Fear of Public Speaking Hardwired
Speech Anxiety Worse for Some, but Most Can Overcome It
WebMD News Archive
You Can Speak in Public
Here's the bad news. You cannot change your traits. They are part of your
personality. If you are a person with high-trait anxiety, there's no simple way
to become a low-trait-anxiety person.
The good news is that we can learn to win with the cards we are dealt.
High-trait anxiety is a challenge. It need not be a disability.
Witt doesn't try to motivate people. Instead, he teaches public speaking
- Visualize. Picture yourself in the classroom or in the
meeting room, standing up, taking your notes to the lectern, and so on.
Visualize a successful outcome.
- Practice. Practice going through your presentation, over
and over again. But do it with someone who is supportive, so that you learn to
succeed rather than to fail.
- Sensitizers focus on the little things. "Through
visualization they can get all that negative stuff out, so when the real day
comes, they can get that out of their system and focus on real issues,"
During your speech, deal with symptoms as they occur:
- Dry mouth? Take a little sip of water.
- Knees knocking? Shift your weight and flex your knees.
- Hands trembling? Put them together.
- Voice is quivering? "Pause, take a deep breath or two, and smile. It is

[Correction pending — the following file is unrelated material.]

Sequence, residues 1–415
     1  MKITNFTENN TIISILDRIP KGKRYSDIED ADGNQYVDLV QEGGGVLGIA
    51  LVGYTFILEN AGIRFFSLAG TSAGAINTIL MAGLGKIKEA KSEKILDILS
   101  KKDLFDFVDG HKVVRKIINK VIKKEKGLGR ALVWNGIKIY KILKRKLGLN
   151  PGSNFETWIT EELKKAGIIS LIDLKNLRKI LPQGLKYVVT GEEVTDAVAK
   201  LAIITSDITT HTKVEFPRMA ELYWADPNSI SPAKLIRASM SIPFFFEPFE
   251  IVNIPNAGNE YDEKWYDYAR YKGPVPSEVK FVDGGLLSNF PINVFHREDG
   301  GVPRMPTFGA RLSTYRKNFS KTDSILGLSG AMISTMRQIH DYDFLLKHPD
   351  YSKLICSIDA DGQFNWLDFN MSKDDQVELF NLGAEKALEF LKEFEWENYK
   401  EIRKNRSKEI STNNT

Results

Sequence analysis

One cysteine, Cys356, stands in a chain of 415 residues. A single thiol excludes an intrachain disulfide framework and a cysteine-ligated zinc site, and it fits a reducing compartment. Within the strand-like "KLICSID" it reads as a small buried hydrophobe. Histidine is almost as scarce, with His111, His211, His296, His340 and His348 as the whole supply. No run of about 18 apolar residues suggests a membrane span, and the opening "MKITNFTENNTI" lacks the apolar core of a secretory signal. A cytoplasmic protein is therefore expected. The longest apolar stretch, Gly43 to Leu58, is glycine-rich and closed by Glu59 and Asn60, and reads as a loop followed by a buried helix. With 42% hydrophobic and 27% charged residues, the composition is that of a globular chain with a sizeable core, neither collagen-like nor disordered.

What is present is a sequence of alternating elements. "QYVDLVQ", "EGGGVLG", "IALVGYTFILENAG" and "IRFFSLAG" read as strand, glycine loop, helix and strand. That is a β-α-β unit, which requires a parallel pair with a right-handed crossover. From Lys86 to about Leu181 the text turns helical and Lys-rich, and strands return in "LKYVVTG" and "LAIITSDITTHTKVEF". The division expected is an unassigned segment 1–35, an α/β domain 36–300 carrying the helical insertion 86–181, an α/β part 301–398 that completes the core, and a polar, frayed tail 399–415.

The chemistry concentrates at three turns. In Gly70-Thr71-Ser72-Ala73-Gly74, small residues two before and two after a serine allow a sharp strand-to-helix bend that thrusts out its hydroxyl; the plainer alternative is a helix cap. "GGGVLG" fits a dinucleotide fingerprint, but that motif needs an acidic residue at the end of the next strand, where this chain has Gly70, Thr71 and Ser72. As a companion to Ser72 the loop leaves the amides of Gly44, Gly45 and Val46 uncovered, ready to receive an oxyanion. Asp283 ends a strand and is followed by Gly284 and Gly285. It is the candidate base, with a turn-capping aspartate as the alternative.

amazing what a smile will do," Witt say.
- Sweating? "Forget it, nobody sees that anyway," Witt says.
"Those symptoms that distract us are treatable," Witt says. "It
doesn't take a PhD to figure this out, but so many people don't -- because as
sensitizers, they become so focused on their symptoms and their embarrassment
in front of other people."
There are, of course, psychological problems that require more than
visualization and practice. Witt recommends counseling for people who have
violent symptoms such as vomiting. But for the rest of us -- who fear that
everyone in the room can see our palms sweat -- it's a matter of gaining
confidence by learning a set of simple skills.
"Virtually every speaker gets nervous most of the time, or at least some
of the time," Witt says. "We all deal with our nervousness in different
ways. The important thing is it does not have to make us embarrassed or
frightened or upset to speak in front of other people. We can deal with that.
You may be nervous, but you don't have to be disabled in front of other